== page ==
Is Working Online For You? Part 1

workfromhome

Let’s face the facts: doing online work is not for everybody. No matter how many targeted Facebook posts say that you too can “Earn dollars everyday” or how many flyers you see on the jeep saying you can “make 15K per month, minimum”, doing work online will not be good fit for many people.

Here are a few questions we’d like you to ask yourself before doing online work:

1. Have you started something online?

This is the key question, really. Whether it’s a blog, or a photo album or a Twitter news feed, contributing online (for free we might add) is the number one thing that determines whether you will succeed at online work or not.

You must love doing stuff online. If you don’t feel that working with computers is for you or being online all the time is a waste of time, then this job is not for you.

On the other hand, if you can’t stop yourself from trying out the latest apps and websites, love turning ideas into pixels and bits and would rather interact with people online than offline, then read on!

2. Do you have the equipment?

Hardware is getting cheaper by the day. A sturdy laptop, even one made a couple of years ago, should work well for most basic tasks. If you’re really short on cash, a netbook might work well but we do not recommend it. Neither should you work with a tablet since it restricts the kinds of work you can do.

Desktop? Maybe, if you already have one. Personally, we like the freedom laptops give and you get to work anywhere in the house.

Second thing to consider is your internet connection. Don’t trust public WiFi to keep you online. Get a broadband stick or a phone that can share its internet connection with your computer. Best bet is getting internet wired to your home. Despite the dropping hardware prices, telcos are not dropping their own internet fees.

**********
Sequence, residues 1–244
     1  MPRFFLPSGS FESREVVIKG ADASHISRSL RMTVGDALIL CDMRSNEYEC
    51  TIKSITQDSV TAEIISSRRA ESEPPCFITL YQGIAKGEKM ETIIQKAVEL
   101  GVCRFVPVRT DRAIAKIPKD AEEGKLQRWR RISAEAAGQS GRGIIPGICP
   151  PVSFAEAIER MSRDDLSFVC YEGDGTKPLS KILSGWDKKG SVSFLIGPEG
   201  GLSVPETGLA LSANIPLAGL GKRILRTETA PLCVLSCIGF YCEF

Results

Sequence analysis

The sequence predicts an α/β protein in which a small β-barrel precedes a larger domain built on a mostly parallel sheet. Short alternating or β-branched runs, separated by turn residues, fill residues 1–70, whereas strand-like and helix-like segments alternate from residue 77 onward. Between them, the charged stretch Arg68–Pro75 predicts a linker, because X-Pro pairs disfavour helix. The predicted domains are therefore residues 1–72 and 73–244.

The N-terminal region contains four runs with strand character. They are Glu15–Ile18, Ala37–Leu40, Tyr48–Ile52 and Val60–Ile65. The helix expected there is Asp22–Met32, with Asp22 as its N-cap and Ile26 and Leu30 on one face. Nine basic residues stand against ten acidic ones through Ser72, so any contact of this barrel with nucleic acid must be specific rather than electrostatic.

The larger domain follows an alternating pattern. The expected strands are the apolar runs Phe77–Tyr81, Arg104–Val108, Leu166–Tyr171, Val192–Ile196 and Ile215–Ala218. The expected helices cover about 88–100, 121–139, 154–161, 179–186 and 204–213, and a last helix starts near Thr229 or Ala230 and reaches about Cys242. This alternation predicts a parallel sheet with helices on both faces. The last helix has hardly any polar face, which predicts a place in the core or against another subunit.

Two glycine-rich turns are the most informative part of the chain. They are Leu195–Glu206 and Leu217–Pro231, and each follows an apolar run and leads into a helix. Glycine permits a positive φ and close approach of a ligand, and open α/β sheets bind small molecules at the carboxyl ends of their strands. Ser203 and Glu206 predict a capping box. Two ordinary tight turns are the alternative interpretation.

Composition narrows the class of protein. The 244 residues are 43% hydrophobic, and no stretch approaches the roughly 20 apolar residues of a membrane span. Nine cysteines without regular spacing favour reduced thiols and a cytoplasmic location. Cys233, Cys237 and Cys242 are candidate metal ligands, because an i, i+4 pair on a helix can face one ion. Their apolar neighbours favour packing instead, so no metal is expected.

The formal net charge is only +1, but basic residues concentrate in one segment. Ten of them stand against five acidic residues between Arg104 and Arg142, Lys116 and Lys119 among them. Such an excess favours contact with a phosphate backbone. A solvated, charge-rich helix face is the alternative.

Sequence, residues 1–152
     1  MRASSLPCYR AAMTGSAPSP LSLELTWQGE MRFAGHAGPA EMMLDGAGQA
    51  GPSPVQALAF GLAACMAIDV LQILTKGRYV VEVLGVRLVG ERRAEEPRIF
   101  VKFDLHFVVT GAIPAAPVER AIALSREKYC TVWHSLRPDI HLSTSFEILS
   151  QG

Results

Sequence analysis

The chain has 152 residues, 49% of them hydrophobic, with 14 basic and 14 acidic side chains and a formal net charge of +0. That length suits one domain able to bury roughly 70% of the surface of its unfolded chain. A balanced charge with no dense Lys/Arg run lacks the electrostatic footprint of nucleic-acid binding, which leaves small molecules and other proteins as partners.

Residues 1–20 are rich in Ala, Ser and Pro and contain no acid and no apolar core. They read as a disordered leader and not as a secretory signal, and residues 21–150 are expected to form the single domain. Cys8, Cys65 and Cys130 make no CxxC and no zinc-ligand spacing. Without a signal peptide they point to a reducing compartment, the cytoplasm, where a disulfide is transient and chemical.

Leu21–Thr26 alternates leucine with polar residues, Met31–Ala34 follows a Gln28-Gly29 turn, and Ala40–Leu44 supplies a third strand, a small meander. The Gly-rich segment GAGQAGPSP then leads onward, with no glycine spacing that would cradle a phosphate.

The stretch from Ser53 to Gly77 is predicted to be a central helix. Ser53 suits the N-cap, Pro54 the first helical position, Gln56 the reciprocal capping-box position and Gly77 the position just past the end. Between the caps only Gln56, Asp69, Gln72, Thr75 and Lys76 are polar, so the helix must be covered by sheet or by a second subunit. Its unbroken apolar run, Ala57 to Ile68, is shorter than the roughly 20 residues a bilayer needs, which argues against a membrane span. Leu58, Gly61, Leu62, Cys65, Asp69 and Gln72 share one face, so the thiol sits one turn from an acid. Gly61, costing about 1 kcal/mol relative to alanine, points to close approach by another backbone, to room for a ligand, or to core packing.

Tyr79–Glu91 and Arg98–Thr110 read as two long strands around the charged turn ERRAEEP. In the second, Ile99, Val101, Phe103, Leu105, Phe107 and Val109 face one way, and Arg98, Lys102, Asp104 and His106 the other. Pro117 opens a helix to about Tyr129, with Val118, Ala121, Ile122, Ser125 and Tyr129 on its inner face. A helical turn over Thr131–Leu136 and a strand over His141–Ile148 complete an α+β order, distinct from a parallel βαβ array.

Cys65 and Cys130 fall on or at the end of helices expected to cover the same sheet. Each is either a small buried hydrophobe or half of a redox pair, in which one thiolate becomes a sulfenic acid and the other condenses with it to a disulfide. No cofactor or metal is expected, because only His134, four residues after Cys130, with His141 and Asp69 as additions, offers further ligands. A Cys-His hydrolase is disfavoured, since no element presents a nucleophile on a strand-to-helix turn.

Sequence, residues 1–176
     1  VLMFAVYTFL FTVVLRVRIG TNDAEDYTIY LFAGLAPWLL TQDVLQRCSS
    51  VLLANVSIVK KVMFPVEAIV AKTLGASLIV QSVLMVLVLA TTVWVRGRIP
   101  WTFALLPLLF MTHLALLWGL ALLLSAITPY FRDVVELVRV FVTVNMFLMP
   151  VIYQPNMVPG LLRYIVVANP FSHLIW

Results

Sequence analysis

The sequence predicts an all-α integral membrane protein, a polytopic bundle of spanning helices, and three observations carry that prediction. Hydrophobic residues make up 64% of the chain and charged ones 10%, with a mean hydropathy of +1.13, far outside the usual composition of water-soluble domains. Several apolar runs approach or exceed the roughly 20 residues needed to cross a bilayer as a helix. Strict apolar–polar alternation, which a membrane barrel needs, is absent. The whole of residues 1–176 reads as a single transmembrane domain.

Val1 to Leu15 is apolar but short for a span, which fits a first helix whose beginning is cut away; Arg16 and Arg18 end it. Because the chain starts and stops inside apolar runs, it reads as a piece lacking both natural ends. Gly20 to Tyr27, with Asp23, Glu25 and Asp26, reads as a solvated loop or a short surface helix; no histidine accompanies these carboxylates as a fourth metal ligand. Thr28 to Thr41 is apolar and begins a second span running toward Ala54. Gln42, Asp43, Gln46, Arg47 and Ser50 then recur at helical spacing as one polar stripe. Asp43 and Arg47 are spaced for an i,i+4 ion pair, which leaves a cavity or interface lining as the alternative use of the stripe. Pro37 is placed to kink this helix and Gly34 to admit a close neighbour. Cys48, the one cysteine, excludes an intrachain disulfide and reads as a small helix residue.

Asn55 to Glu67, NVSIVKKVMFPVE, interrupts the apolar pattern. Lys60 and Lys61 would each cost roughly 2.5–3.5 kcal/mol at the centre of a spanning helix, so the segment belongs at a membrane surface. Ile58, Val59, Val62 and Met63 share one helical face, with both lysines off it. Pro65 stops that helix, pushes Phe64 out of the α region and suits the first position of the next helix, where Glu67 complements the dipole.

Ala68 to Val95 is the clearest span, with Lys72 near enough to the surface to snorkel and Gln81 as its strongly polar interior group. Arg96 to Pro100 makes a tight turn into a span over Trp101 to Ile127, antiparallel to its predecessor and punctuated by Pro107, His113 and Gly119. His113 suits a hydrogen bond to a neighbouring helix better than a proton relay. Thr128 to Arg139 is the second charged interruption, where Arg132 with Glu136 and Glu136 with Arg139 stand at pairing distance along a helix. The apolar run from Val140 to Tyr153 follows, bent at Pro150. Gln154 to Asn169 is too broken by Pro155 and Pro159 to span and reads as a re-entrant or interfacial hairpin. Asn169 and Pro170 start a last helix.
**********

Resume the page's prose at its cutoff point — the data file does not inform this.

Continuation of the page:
Make sure you budget for these two things so you can keep working whatever happens.

3. Are you a go-getter?

The best jobs go to the ones who go out and grab them. On top of being a hard worker, you also need to be a self-starter. Slackers might get work now and then but it’s the people who are committed 100% who get the lion’s share of rewards. After all, skill is built by practicing it and if you get a lot of work, you get a lot of practice. More skill, higher rates, all without the need to go abroad.

Included in this is being able to get things done. Clients trust people who get things done and will probably give you raise rather than see you go. Again, it boils down to practicing your craft. Once you’ve mastered it, doing the basics will be a synch for you.

Read Part 2 here.

Photo credit: desaint

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